The day finally came yesterday when the GUS would be tested on his SACKs of motoring proficiency. For those who aren’t teachers, I should probably explain what SACK means – it’s an acronym that stands for Skills, Attitude, Concepts and Knowledge. It’s always made me giggle to think of students carrying around these ever-growing hessian duffel bags filled with parcels labelled ‘Skill: can type quickly’ and ‘Attitude:is considerate of others’, as well as ‘Concept: understands how to walk across a road without dying’ and the inestimable ‘Knowledge: reads at level 43(b) with great expression’, as if this is any use to anyone, except for OFSTED inspectors, but I digress once more. I’m not supposed to be moaning about the burden of teachers any more. Or maybe I will moan thus, but not today.
He’s a good driver. He can make the car go forwards AND backwards at reasonable and responsible speeds AND he knows where to find the tyre pressure requirements at a glance (which, incidentally, was more than I knew until Sunday, perhaps an indicator of how useful this knowledge actually is when you’re driving!). He’d overcome his fear of heeding his father’s advice to make it obvious when he’s looking in the mirrors so that the examiner cannot be under any impression that if there was a twenty-foot tall green and purple dinosaur strolling somewhat inexplicably two cars behind, then Toby will have definitely have made eye-contact with it and have a fully-formed plan of action to deal with any unheralded flight of fancy that it might take.
He was ready.
He passed. First time. With only three minor errors.
Way. To. GO!
Clearly months of driving back and forth to York along the infamous 64 has its advantages – experience will always stand you in good stead. I’m really very proud of Toby for this success – job well done. Onwards and upwards from here!
Thanks for reading again my friends – looks like we may crack a milestone sometime very soon – almost ten thousand hits already!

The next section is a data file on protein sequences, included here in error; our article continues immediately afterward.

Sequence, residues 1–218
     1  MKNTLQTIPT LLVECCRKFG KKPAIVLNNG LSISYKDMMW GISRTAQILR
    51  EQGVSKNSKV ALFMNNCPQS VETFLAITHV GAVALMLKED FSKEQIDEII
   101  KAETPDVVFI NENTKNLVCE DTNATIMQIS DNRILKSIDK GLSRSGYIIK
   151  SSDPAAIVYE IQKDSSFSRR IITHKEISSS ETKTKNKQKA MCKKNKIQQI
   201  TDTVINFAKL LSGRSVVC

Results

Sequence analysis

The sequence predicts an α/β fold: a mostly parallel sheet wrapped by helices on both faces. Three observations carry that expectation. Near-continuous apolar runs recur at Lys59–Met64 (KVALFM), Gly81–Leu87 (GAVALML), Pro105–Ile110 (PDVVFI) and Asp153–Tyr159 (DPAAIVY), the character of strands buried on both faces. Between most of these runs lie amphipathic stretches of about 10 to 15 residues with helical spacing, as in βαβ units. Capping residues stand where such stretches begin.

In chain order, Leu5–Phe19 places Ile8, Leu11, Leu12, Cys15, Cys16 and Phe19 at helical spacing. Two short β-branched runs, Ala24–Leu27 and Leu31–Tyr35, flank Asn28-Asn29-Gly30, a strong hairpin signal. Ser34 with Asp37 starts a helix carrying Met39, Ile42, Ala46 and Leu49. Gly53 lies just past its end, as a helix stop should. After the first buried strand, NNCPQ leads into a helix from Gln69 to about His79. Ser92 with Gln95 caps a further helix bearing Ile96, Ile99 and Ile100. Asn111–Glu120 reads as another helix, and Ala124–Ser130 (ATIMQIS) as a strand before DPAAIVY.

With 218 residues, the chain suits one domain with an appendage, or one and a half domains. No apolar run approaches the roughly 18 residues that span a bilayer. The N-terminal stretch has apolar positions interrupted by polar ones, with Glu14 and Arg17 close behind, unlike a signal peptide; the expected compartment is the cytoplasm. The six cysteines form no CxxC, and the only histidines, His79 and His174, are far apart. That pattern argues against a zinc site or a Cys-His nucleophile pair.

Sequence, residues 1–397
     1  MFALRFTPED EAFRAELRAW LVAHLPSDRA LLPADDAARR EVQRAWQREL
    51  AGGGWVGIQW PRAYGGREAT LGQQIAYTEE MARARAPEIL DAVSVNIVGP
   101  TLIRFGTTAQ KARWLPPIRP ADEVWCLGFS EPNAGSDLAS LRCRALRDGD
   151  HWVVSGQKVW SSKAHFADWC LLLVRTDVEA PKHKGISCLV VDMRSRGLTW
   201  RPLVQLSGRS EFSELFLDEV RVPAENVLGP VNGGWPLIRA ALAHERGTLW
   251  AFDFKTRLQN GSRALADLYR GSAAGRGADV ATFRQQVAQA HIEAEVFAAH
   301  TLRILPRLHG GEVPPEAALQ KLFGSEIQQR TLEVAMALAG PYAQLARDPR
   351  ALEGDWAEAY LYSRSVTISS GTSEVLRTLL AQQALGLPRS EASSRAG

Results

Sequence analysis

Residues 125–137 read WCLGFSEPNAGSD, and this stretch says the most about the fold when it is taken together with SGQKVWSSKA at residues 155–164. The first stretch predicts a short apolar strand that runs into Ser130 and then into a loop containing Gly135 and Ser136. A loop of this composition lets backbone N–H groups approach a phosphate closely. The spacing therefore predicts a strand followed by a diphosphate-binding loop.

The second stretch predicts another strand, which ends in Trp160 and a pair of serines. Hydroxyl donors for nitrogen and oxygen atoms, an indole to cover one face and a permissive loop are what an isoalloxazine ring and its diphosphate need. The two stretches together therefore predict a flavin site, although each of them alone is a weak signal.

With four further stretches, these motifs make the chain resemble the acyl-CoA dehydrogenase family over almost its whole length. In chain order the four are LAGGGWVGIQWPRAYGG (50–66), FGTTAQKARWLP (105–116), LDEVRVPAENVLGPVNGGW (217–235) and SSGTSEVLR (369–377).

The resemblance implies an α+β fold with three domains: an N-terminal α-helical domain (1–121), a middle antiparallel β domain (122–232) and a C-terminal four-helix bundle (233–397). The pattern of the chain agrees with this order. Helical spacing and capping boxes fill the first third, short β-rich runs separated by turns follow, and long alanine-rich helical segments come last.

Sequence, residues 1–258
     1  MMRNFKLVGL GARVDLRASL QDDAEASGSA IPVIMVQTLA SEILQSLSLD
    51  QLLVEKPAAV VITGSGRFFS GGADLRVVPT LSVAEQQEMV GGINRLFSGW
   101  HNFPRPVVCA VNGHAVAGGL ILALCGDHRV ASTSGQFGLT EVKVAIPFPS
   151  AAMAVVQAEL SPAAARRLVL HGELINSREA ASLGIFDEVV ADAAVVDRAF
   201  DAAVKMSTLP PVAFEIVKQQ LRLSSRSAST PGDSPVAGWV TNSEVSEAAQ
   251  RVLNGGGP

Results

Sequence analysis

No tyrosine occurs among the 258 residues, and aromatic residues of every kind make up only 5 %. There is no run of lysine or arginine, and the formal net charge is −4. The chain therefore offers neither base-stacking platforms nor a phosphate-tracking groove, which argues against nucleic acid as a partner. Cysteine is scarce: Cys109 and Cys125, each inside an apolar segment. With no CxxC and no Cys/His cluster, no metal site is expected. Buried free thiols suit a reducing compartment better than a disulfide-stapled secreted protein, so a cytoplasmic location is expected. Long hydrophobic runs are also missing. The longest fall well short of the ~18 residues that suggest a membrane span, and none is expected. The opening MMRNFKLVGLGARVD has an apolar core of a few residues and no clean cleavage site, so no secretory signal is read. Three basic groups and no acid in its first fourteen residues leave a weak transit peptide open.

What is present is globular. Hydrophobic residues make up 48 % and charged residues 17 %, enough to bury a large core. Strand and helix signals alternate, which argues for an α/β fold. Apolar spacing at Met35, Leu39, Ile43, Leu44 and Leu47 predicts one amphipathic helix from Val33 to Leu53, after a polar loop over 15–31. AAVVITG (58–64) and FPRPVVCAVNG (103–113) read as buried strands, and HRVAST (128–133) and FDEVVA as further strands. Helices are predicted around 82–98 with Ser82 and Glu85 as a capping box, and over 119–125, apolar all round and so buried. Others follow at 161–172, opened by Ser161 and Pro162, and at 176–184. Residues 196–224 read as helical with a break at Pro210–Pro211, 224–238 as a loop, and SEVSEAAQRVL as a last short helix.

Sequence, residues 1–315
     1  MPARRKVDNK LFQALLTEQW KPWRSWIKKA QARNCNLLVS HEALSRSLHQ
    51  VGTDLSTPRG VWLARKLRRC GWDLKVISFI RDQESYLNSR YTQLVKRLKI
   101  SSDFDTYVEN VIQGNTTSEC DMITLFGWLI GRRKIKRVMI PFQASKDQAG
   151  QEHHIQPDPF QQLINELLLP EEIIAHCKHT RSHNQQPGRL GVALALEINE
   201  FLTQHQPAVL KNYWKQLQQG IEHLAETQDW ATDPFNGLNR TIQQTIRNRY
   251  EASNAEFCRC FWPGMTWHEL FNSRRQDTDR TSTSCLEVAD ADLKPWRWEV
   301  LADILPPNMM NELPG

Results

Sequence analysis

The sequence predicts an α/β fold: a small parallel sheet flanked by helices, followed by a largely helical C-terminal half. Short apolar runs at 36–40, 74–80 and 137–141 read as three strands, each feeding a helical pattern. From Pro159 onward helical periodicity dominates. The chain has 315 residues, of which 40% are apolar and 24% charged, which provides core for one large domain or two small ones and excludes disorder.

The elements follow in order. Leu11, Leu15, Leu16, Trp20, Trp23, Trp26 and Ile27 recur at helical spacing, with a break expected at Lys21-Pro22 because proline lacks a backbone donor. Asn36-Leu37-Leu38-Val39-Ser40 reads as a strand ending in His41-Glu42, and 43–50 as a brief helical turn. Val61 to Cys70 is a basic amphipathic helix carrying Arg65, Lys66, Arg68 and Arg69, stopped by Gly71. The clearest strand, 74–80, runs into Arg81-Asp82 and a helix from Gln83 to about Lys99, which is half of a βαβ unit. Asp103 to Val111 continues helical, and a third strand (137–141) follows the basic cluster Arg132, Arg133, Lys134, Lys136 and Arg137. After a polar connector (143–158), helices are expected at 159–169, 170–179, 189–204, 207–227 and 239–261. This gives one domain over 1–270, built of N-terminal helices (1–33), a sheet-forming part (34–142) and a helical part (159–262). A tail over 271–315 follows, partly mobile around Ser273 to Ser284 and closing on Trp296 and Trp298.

My gorgeous grand-daughter, Harriet – whom regular readers will know already as ‘Harrie’ – has just had her fourth birthday. For once, I’d managed to get her present in the post so that it arrived in good time and she could open it on her actual birthday morning. I won’t crow too much about how great an achievement this is for me, but it’s not happened many times before and I’ve been a grandmother now for over eleven years; there are four grandchildren with a total of twenty-six birthdays so far and I’ve probably managed this basic requirement about four times in all. I know. I’ll stop beating myself up now.
So, Harrie has reached this grand age of four and I was immediately swept back nearly thirty years when her mother was hopping from foot to foot almost every day after her third birthday, begging to know ‘Is it my birthday tomorrow?’. Every. Single. Day. For a YEAR. The final six weeks after Christmas in the run up to her birthday was relentless – ‘When it’s my birthday, I want to be a banana’ she declared emphatically. For some reason that I could not fathom for the life of me, Natalie wanted to BE a banana. She loved them. She loved the colour yellow more than almost everything else she knew of. I’ve spent the afternoon looking for a picture of Natalie when she finally reached the longed-for day, wearing her brand new bright yellow trousers, sweater and matching gilet (it WAS the ’80’ folks!) and the most magnificent, enormous smile on her face. It looked remarkably like this one of Harrie.
Harriet is modelling her new birthday treasures – upon her head you will notice a rather exciting cycle helmet, of an ‘Alien’ design. Note the three googly eyes, green and purple pokey horns and wicked sharp teeth that complete the additional protection should Harrie fall from her bicycle or scooter. This was a present from another family member and I think goes particularly smartly with her new quilted jacket, made with great love by her doting Nana (that’s me, in case you were wondering!).
I came across the two ‘crocodile teeth’ (as Harrie describes them) pink toggle buttons in my spare button jar a few weeks ago. I’d forgotten they were there but recognised them instantly as the spare ones that Marks & Spencers’ always provide with their garments. They had come from two pink duffle coats that Natalie and her sister, Donna had worn when they were about six and eight years old (respectively).
This old photo shows the original coat. (It’s a good job I’ve learned to focus the lens better these days!).